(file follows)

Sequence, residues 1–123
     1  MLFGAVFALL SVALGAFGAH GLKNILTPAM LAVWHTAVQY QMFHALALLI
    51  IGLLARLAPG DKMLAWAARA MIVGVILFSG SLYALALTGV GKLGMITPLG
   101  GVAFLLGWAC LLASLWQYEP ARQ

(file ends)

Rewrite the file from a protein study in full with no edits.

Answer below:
Sequence, residues 1–123
     1  MLFGAVFALL SVALGAFGAH GLKNILTPAM LAVWHTAVQY QMFHALALLI
    51  IGLLARLAPG DKMLAWAARA MIVGVILFSG SLYALALTGV GKLGMITPLG
   101  GVAFLLGWAC LLASLWQYEP ARQ